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FOLLOWING AND TRACING

Once the claimant can establish that he or she has retained a legal interest in property or that an equitable interest can be recognized, it is then necessary for the claimant to identify a proprietary interest in the property which had been received by the defendant. To establish this the claimant will need to rely on the following and tracing rules.

(A) THE FUNCTION OF FOLLOWING AND TRACING

(i) The Essence of Following

The essence of following is that the claimant is able to show that the actual property in which he or she has a proprietary interest has been received by the defendant.[1] If the identity of the claimant’s property has been lost or the property has been destroyed, the claimant will no longer be able to follow it. Where the claimant transfers the property directly to the defendant there is no difficulty in following the property. Where, however, the property is received indirectly by the defendant the question of following may be more difficult. It is for this reason that particular rules have been formulated which assist the claimant to follow his or her property into the defendant’s hands.[2]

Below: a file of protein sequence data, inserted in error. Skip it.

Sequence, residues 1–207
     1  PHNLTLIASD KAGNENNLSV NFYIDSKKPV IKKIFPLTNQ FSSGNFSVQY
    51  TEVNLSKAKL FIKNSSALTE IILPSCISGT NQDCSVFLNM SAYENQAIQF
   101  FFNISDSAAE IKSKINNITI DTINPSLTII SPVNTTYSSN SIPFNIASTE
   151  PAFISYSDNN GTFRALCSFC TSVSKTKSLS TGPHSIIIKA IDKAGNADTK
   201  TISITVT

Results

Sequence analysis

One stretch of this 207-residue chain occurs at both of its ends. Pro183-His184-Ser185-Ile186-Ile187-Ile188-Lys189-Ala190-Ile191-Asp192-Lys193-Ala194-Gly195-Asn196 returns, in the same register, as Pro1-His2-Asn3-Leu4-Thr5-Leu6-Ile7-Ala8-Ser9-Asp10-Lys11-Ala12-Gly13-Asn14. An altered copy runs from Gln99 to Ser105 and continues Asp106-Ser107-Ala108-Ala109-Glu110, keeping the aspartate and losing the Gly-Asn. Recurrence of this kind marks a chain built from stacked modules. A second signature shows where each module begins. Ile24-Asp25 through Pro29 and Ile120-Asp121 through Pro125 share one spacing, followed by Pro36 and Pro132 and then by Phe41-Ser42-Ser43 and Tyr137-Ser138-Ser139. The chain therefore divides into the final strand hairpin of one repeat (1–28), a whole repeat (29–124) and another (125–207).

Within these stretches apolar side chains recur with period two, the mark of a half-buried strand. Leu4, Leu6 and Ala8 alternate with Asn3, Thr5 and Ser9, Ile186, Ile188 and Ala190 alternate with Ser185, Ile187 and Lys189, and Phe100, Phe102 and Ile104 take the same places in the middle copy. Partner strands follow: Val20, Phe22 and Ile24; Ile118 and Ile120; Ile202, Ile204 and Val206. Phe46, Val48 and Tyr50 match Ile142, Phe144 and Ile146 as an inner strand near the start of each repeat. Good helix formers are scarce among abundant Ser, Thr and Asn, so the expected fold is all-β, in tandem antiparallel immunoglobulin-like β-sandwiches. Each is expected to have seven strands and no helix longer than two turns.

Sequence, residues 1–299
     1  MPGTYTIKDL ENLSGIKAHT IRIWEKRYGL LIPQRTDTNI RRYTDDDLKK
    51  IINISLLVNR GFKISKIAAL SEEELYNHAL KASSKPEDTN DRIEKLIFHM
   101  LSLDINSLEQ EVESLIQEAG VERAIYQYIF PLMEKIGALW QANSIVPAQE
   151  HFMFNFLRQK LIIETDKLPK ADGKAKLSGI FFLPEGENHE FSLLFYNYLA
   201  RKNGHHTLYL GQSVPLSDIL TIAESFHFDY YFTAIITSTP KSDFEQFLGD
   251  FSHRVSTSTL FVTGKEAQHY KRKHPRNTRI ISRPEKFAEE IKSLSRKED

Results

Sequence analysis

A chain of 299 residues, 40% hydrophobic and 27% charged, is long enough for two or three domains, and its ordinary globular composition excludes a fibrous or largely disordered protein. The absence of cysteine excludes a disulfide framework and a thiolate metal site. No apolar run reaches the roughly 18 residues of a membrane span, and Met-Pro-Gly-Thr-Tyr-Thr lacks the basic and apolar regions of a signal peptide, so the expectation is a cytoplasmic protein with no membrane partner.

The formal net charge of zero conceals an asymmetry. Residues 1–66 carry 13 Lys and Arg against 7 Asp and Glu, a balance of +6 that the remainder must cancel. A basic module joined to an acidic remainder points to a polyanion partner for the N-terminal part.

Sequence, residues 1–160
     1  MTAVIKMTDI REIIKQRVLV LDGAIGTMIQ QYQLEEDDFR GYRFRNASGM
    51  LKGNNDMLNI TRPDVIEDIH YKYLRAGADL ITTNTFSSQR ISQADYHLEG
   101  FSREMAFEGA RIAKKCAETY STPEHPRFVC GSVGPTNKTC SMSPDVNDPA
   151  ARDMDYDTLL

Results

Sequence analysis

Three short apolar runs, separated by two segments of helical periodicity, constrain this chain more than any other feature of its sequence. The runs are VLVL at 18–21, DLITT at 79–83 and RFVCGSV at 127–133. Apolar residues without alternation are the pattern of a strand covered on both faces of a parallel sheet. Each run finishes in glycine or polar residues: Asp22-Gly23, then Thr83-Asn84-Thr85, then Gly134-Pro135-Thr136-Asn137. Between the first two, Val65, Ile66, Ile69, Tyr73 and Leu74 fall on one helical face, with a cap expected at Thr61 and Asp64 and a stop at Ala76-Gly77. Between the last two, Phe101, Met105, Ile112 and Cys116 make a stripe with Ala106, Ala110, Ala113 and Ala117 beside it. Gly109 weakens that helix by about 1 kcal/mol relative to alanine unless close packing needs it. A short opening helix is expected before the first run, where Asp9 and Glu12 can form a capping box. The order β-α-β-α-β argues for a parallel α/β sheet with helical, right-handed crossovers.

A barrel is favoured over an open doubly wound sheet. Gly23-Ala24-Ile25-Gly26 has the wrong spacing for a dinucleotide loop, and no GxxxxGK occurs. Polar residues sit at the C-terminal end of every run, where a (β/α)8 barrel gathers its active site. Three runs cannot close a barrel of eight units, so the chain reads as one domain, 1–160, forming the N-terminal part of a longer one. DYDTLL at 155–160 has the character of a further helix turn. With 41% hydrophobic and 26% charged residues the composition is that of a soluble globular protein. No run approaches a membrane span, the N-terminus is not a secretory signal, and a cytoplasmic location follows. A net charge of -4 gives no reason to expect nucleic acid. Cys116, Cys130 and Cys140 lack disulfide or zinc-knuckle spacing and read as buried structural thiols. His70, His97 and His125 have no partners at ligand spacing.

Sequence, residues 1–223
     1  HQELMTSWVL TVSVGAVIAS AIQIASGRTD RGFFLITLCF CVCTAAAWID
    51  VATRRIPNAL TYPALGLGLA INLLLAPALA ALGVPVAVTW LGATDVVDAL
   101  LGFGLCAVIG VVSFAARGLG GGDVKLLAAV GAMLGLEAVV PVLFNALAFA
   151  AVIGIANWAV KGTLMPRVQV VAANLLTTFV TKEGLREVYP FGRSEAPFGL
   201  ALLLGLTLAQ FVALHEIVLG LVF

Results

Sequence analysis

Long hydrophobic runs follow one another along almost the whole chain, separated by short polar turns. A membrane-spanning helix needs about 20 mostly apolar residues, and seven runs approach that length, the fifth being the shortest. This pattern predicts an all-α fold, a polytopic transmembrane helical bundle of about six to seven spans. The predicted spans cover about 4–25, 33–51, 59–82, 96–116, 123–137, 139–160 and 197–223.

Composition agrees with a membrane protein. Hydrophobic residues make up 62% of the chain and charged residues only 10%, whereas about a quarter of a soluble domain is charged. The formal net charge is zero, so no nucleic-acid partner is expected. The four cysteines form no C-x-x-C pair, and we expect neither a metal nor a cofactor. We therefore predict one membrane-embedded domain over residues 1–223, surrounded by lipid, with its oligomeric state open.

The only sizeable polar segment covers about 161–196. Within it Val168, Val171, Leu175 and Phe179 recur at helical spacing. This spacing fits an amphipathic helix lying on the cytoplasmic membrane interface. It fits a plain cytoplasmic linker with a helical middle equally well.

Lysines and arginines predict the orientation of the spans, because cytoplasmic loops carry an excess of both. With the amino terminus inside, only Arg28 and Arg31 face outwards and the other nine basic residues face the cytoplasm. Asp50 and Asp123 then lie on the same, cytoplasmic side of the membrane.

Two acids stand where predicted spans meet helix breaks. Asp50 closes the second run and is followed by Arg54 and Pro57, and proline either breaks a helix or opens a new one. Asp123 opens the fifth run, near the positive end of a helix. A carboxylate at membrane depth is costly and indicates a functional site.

• [1] Foskett v McKeown [2001] 1 AC 102, 127 (Lord Millett). See Smith, The Law of Tracing, 4.
  • [2] See p 613, below. 3 Foskett v McKeown [2001] 1 AC 102, 128 (Lord Millett).
 
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